# more torture

From: Stathis Papaioannou <stathispapaioannou.domain.name.hidden>
Date: Mon, 13 Jun 2005 21:00:52 +1000

I have been arguing in recent posts that the absolute measure of an observer
moment (or observer, if you prefer) makes no possible difference at the
first person level. A counterargument has been that, even if an observer
cannot know how many instantiations of him are being run, it is still
important in principle to take the absolute measure into account, for
example when considering the total amount of suffering in the world. The
following thought experiment shows how, counterintuitively, sticking to this
principle may actually be doing the victims a disservice:

You are one of 10 copies who are being tortured. The copies are all being
run in lockstep with each other, as would occur if 10 identical computers
were running 10 identical sentient programs. Assume that the torture is so
bad that death is preferable, and so bad that escaping it with your life is
only marginally preferable to escaping it by dying (eg., given the option of
a 50% chance of dying or a 49% chance of escaping the torture and living,
you would take the 50%). The torture will continue for a year, but you are
allowed one of 3 choices as to how things will proceed:

(a) 9 of the 10 copies will be chosen at random and painlessly killed, while
the remaining copy will continue to be tortured.

(b) For one minute, the torture will cease and the number of copies will
increase to 10^100. Once the minute is up, the number of copies will be
reduced to 10 again and the torture will resume as before.

(c) the torture will be stopped for 8 randomly chosen copies, and continue
for the other 2.

Which would you choose? To me, it seems clear that there is an 80% chance of
escaping the torture if you pick (c), while with (a) it is certain that the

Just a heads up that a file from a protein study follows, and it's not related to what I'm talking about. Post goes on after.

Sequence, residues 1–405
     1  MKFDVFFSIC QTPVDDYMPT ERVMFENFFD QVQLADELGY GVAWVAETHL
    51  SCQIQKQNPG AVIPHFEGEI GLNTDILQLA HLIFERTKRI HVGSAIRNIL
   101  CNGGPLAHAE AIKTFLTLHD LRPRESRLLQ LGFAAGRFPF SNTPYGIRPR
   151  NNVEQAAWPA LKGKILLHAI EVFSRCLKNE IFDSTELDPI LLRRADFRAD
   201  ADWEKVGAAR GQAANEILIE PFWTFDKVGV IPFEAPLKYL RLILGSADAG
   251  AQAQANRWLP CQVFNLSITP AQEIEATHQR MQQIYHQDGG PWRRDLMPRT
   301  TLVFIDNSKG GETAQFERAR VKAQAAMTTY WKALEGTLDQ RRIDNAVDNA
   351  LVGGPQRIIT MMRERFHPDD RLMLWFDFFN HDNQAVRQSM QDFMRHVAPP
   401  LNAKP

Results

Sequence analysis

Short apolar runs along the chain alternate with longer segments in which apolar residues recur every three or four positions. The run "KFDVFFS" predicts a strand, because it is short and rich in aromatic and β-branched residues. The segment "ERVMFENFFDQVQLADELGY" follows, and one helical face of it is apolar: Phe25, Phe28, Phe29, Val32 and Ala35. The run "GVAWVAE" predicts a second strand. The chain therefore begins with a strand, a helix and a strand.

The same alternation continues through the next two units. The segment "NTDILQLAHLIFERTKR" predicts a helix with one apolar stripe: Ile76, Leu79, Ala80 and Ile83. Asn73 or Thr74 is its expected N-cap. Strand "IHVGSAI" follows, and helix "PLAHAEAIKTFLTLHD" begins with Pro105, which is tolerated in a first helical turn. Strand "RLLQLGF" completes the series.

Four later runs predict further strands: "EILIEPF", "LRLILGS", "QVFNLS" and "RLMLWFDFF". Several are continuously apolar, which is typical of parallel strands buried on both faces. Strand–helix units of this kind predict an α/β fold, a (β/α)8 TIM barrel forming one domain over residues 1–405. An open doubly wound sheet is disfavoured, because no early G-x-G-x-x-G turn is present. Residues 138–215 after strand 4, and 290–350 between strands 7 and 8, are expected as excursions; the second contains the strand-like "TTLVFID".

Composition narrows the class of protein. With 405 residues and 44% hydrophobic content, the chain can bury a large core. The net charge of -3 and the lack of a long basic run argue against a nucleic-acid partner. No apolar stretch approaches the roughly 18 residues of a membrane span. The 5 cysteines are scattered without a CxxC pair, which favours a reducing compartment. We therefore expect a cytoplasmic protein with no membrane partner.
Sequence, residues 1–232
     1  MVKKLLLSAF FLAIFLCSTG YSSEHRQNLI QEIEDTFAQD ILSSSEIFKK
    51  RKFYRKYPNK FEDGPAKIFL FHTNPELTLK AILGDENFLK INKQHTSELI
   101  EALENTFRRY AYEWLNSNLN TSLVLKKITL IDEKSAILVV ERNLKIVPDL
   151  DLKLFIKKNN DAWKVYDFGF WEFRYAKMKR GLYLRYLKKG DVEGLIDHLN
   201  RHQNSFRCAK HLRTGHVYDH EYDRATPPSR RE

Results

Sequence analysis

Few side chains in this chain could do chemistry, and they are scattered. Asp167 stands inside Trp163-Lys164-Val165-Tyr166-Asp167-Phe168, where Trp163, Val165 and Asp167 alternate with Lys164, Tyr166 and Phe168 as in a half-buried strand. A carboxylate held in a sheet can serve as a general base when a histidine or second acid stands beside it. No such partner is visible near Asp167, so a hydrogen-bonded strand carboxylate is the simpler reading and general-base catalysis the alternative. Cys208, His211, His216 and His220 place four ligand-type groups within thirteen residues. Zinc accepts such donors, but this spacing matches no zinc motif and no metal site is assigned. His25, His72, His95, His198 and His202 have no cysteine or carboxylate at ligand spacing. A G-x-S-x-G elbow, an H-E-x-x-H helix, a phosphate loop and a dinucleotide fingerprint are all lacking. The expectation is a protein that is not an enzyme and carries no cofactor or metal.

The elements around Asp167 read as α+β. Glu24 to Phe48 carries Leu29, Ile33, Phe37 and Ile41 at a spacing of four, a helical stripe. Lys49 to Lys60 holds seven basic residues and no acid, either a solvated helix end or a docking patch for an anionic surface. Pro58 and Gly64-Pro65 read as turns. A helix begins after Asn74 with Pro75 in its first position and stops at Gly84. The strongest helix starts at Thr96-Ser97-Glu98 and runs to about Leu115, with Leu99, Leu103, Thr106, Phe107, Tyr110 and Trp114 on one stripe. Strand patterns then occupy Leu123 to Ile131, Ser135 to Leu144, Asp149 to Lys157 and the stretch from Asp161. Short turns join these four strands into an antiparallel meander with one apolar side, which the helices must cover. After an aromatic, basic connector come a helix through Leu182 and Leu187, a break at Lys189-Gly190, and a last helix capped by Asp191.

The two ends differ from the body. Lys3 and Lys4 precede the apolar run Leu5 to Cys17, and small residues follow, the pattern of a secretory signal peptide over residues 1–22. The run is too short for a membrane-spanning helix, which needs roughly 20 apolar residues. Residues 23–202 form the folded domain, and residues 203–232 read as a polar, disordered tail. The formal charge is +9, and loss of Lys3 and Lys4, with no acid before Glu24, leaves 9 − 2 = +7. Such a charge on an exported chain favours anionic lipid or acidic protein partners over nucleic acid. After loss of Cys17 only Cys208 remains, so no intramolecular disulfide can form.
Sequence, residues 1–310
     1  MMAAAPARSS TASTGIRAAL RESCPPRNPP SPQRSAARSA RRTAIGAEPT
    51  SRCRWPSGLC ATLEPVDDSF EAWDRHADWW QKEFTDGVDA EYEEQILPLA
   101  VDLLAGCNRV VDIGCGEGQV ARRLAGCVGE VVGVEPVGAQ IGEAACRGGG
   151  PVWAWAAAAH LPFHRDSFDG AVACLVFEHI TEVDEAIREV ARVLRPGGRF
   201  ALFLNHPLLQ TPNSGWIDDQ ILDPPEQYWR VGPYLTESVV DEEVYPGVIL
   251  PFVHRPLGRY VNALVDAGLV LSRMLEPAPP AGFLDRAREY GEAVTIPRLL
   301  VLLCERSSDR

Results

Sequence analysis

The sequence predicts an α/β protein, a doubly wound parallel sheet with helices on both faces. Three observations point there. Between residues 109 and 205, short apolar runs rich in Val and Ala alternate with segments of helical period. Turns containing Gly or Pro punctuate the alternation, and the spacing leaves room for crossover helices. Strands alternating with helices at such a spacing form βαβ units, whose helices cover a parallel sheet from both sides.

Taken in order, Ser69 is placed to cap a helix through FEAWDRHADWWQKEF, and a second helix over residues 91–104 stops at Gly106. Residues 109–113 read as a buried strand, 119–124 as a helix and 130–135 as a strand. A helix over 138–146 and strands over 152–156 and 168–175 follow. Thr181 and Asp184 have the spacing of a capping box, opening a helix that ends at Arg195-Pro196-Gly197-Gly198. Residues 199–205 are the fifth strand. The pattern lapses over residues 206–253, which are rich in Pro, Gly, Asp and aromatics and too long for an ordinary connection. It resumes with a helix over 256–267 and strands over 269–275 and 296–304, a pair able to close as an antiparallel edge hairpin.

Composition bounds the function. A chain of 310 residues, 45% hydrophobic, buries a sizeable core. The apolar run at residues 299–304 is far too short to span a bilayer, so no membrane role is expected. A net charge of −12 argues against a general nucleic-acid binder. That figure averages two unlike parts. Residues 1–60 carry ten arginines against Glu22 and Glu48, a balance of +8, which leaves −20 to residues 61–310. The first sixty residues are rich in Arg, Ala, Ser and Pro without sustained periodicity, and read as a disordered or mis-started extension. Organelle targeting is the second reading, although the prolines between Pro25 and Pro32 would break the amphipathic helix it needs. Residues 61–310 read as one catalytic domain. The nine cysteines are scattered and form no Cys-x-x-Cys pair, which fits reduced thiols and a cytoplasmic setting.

torture will continue, and with (b) it is certain that the torture will
continue with only one minute of respite.

Are there other ways to look at the choices? It might be argued that in (a)
there is a 90% chance that you will be one of the copies who is killed, and
thus a 90% chance that you will escape the torture, better than your chances
in (c). However, even if you are one of the ones killed, this does not help
you at all. If there is a successor observer moment at the moment of death,
subjectively, your consciousness will continue. The successor OM in this
case comes from the one remaining copy who is being tortured, hence
guaranteeing that you will continue to suffer.

What about looking at it from an altruistic rather than selfish viewpoint:
isn't it is better to decrease the total suffering in the world by 90% as in
(a) rather than by 80% as in (c)? Before making plans to decrease suffering,
ask the victims. All 10 copies will plead with you to choose (c).

What about (b)? ASSA enthusiasts might argue that with this choice, an OM
sampled randomly from the set of all possible OM's will almost certainly be
from the one minute torture-free interval. What would this mean for the
victims? If you interview each of the 10 copies before the minute starts,
they will tell you that they are currently being tortured and they expect
that they will get one minute respite, then start suffering again, so they
wish the choice had been (c). Next, if you interview each of the 10^100
copies they will tell you that the torture has stopped for exactly one
minute by the torture chambre's clock, but they know that it is going to
start again and they wish you had chosen (c). Finally, if you interview each
of the 10 copies for whom the torture has recommenced, they will report that
they remember the minute of respite, but that's no good to them now, and
they wish you had chosen (c).

--Stathis Papaioannou

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Received on Mon Jun 13 2005 - 07:06:42 PDT

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